What Causes the Kitchen Lights to Flicker?
Flickering lights in your kitchen make preparing food and performing related tasks harder, making finding the source of the problem with the lights a high priority. Multiple potential problems may cause the kitchen lights to flicker, including some problems that put everyone in the house at risk of an electrical fire.
Fluorescent tube lights in a kitchen may flicker when a problem with the light fixture's ballasts develop. The ballast supplies the electrical current to the actual fluorescent light tube. You must remove the fluorescent light tube from the light fixture and turn off the power to the light fixture at the electrical panel before inspecting the ballast. You may tighten the ballast with your fingers or a screwdriver, which may stop the flickering. If the flickering continues, the problem may be that the ballast has gone bad and needs to be replaced.
High Electrical Loads
The demands on your house's electrical flow varies depending on what electrical devices are running at different times. If your lights flicker when devices that use a high amount of electricity, such as a clothes dryer or air conditioning unit, a momentary flickering in your lights because of the increased consumption of electricity is normal. If the lights in the kitchen flicker when smaller devices such as blenders or toasters are used, the flickering is a sign of a problem that lies between the house's circuit breakers and the electrical delivery system in your area.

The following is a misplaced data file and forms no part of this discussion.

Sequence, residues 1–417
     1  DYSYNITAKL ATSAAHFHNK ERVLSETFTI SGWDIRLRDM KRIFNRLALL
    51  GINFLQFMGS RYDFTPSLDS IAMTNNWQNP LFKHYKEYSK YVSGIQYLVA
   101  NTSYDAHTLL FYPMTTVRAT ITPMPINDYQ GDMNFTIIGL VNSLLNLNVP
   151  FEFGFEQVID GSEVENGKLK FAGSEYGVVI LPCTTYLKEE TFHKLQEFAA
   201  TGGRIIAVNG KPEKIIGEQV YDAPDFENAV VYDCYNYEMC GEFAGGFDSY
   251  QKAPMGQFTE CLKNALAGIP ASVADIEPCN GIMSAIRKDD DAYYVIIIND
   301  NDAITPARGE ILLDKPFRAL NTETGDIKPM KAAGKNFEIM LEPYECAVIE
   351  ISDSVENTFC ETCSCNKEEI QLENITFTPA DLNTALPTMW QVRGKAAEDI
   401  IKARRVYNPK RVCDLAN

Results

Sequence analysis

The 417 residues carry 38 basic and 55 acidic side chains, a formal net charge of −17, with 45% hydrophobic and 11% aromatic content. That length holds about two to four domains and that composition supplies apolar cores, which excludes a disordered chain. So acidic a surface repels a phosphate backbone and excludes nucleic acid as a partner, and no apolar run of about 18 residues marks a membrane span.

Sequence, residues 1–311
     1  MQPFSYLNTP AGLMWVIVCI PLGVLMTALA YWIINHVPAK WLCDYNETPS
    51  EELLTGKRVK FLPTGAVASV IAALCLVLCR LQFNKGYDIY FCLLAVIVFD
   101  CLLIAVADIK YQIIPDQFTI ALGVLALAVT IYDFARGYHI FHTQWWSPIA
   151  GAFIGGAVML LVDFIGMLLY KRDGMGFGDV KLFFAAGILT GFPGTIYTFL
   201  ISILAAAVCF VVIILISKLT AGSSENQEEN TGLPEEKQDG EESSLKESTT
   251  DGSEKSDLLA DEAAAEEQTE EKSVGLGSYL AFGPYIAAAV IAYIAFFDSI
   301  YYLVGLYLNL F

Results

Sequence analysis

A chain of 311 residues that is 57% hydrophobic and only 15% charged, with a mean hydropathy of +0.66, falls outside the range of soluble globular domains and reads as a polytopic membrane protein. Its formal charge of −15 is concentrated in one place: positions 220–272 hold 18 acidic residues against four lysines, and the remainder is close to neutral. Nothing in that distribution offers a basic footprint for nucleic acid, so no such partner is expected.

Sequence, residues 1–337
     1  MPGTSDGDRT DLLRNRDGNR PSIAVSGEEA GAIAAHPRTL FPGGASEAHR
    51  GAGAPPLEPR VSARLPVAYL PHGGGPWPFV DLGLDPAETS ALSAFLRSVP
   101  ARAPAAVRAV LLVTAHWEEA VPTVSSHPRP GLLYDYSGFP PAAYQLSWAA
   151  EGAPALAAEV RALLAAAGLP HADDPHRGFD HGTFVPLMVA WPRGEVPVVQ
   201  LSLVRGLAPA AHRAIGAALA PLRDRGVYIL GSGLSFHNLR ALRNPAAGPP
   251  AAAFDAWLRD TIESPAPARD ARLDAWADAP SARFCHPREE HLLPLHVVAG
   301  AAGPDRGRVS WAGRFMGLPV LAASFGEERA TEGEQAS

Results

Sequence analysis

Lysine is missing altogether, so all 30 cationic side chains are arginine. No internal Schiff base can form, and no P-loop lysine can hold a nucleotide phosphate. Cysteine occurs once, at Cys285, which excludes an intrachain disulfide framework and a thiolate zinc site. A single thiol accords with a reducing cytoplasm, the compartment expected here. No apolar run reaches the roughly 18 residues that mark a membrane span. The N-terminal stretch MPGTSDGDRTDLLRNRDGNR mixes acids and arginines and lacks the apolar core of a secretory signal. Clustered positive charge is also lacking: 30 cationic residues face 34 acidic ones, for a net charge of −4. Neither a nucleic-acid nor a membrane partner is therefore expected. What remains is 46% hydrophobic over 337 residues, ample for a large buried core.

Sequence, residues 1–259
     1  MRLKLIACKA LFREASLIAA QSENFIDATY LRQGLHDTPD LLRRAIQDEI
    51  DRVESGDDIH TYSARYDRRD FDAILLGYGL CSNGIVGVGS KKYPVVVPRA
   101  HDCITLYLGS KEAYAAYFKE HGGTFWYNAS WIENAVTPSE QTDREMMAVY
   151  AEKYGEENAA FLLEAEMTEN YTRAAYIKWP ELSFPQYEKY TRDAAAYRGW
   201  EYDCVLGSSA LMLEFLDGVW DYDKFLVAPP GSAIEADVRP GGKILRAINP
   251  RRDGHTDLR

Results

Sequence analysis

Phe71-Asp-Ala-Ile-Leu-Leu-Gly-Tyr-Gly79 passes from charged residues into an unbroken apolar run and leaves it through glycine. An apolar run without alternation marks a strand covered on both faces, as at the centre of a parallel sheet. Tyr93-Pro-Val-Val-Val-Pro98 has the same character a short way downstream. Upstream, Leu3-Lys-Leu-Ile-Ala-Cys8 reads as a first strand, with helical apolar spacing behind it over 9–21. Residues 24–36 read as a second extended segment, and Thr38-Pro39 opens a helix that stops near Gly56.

Flickering in light bulbs may be due to defects in the bulbs themselves. If you replace the bulbs with new ones, of a different brand, if possible, you may see the problem disappear. If only one bulb in your kitchen flickers, a defective bulb is a much more likely cause of the problem. Using energy-efficient compact bulbs in light fixtures that have a dimmer switch may also lead to flickering, since these bulbs do not work properly with a dimmer.
If your kitchen lights flicker while other lights in your house become brighter whenever you run an electrical device in the house, this may signal a serious problem that could lead to an electrical fire in your house unless you take corrective action. A bad neutral connection between the electrical transformer outside your house and the house's main electrical panel may be the cause of the problem; this may cause the electrical flow to some appliances to exceed the standard 120 volts, possibly leading to electrical fires in your house.